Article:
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Uploaded By: PRESIDENT on December 19th, 2023

Karen Ann Koch - Born October 3, 1951 in Gibraltar, Michigan is retired ice Hockey goaltender.

Koch was an 18-year-old freshman enrolled at Northern Michigan University / NMU in Marquette, Michigan when she attended a tryout with the Marquette Iron Rangers of the United States Hockey League / USHL at the Palestra Ice Arena in Laurium, Michigan, a Historic Hockey Arena which was the first building in the world built specifically for the use of ice Hockey, also hosting some of the 1st ever professional Hockey games.

Iron Rangers coach Len Brumm talked with Koch after team captain Barry Cook approached him and said "Coach, did you know that little squirt of a goalie is a girl?"

Koch said she had enrolled at Northern Michigan University specifically to try out for the Iron Rangers. She had been playing Hockey and lacrosse with the boys in Gibraltar ever since she could remember. She went on to say that none of the senior teams in the Detroit area would give her a tryout. She said she had heard nothing but good things about the Iron Rangers and felt she could make the team. She desperately didn't want to be cut without a fair tryout.

I thought to myself, A girl goalie...what if she gets hurt? Where is she going to change clothes? Just how good is she? For one of the few times in my life I didn't know what to do. She had done nothing to justify cutting her. So I told her we should see how well she did and that she'd be given a fair tryout.

In subsequent practices she showed remarkable ability. Her only drawback was her size. Both of our goalies were big guys. They stopped more pucks by accident than she did on purpose.

Koch's presence on the team brought complaints from the veteran players, but even they admitted she was surprisingly good and probably equal to our regular backup goalie. Their griping was far overshadowed by the national publicity she generated after her photo was run in the daily and weekly newspapers. We got calls from the Associated Press, United Press International, Reuters and newspapers, radio and TV stations from all over the U.S. and Canada. It was a major news story. And while Koch was stopping pucks and earning her place on the team. When it came time to cut the team down to eighteen players and two goalies; Brumm changed the number and kept seventeen players and three goalies, including Lunney, Lytaikainen and Koch.

Koch signed a contract with the Iron Rangers of the now-defunct semi-pro United States Hockey League for the 1969-1970 season, as a back-up goalie to Brian Lunney.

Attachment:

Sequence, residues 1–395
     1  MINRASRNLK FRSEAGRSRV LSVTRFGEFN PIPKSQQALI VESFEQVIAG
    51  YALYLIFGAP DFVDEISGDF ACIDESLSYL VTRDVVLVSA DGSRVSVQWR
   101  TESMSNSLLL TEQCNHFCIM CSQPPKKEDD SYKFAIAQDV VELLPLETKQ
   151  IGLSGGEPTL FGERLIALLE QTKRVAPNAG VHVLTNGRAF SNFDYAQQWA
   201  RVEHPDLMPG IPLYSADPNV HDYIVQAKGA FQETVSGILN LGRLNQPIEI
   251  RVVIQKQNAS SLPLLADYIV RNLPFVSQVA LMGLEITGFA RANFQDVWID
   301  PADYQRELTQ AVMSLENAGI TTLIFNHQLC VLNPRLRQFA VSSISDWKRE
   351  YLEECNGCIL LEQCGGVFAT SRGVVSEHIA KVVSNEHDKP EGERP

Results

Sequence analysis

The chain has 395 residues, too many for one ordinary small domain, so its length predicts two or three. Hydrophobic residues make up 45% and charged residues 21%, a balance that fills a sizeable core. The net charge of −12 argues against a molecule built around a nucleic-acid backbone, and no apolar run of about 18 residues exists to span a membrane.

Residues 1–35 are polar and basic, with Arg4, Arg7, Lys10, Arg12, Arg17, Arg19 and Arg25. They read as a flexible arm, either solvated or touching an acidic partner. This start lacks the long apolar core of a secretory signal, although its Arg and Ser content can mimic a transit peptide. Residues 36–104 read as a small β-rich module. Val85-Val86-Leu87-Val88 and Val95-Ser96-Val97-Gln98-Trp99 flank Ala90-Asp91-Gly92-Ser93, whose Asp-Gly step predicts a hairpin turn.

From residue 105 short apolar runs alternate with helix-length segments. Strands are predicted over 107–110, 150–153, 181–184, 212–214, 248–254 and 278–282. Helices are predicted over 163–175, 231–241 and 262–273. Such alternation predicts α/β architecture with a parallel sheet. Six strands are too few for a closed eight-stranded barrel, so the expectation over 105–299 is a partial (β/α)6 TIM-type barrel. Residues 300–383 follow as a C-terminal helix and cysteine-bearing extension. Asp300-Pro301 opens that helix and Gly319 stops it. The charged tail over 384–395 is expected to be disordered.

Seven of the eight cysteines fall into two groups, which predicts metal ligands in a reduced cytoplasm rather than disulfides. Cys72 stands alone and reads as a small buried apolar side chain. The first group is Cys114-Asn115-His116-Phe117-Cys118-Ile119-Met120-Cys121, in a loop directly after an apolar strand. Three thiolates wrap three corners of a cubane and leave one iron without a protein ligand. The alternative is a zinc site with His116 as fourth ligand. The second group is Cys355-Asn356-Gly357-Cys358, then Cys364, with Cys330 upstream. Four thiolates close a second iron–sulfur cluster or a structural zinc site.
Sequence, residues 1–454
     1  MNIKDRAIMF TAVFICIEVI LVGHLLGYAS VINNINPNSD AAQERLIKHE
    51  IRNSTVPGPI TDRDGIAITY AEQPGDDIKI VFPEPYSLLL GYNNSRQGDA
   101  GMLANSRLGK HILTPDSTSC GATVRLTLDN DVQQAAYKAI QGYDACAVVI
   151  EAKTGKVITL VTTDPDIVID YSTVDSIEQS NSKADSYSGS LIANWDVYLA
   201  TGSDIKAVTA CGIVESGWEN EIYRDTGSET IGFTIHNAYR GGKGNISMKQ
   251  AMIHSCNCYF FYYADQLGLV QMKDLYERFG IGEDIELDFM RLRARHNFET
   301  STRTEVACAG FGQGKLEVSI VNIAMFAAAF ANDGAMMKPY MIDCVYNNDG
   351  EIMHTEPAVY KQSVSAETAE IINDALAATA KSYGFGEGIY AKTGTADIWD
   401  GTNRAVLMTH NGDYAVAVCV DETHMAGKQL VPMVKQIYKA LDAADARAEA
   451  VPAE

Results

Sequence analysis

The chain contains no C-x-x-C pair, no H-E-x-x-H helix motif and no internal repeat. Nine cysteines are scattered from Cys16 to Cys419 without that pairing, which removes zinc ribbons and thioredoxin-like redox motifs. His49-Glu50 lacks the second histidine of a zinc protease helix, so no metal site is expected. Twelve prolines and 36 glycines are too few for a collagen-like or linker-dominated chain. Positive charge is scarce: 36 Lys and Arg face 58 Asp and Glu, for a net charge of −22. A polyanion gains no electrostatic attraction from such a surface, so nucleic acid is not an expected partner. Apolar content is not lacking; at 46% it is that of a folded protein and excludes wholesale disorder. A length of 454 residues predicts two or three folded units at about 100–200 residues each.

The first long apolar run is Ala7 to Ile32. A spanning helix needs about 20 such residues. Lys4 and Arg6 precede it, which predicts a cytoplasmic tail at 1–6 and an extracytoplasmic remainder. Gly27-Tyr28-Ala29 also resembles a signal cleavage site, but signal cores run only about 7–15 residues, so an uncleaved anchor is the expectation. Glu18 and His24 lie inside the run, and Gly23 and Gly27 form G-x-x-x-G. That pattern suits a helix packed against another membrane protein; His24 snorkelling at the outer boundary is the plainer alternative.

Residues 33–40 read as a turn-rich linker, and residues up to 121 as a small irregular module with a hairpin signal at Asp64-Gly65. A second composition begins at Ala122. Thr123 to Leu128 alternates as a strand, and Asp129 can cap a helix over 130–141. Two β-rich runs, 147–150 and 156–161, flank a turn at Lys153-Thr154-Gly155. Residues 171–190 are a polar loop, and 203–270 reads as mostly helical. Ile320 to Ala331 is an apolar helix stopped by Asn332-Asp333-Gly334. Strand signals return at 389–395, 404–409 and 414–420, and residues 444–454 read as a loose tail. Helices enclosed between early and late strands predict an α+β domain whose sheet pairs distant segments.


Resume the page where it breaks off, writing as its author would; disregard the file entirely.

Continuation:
She was paid $40 a game in a league that paid anywhere from $25 -$100+ per game for players.

Northern Michigan University confirmed Koch attended 2 semesters at NMU from August 1969 to May 1970.

She played as well as any of our previous backup goalies when I was able to use her. She wasn't solid enough to start and play regularly because the league simply was too good. Word of her being on the squad preceded our first game of the season vs the Soo Canadians. She caused so much interest that Soo officials called and insisted that she be announced as the starting goalie to swell attendance. City staff arranged for John Rhodes the Mayor of Sault St. Marie, Ontario, who had been a pretty good Hockey player in years past at Princeton University, to take a pre-game penalty shot at Koch.

The Mayor going in all-alone against the world's only female goalie. Her presence, along with the highly anticipated "shootout”, filled the arena and she received a standing ovation when she stopped the Mayor's shot. He received taunting boos as he returned to the stands. She played the first period, giving up two goals on twelve shots as the Iron Rangers left the ice trailing 2-0. Lunney finished the game with the Iron Rangers winning 5-3.

Later on Koch again filled the Green Bay Arena when the rumor spread that she was going to start against the Bobcats. Brumm hadn't planned to start her, but the sight of more than 5,000 fans in the arena changed his mind. He decided it would be good for Hockey and for the Green Bay coffers. She played half of the first period but had to come out when she took one of Paul Coppo's slap shots on the knee above her leg pad and below her thigh pad. The score was 1-1 at the time.

As the season wore on Koch reached a plateau in her ability, partially caused by her small size. She never missed a practice and finally was accepted by all but the most chauvinist guys on the team. Unfortunately, she seemed to have a "death wish" for a facial scar caused by a Hockey puck in a USHL game. She simply and consistently defied my orders to wear a mask while playing said Brumm. After flagrantly removing her mask during all of the games after Christmas, He was forced to let her go with about ten games remaining in the schedule.

Marquette Iron Rangers played a 30 game schedule in the 1969-70 USHL season, winning 24, 1 loss and 5 ties.

Koch left NMU the next semester and went to Canada to play in the Metropolitan Toronto Hockey League. She again made headlines throughout North America when she was barred by the Canadian Amateur Hockey Association from playing on men's teams.

There is no other information about Koch playing after 1971, so maybe she got tired of the verbal shots at her and the rules not allowing female players to play in regular leagues.

Her father Harold Nicholas Koch, was the director, coach, and referee for Gibraltar's Hockey program. Also building the Hockey rink there.

Sourced from President's Collection.


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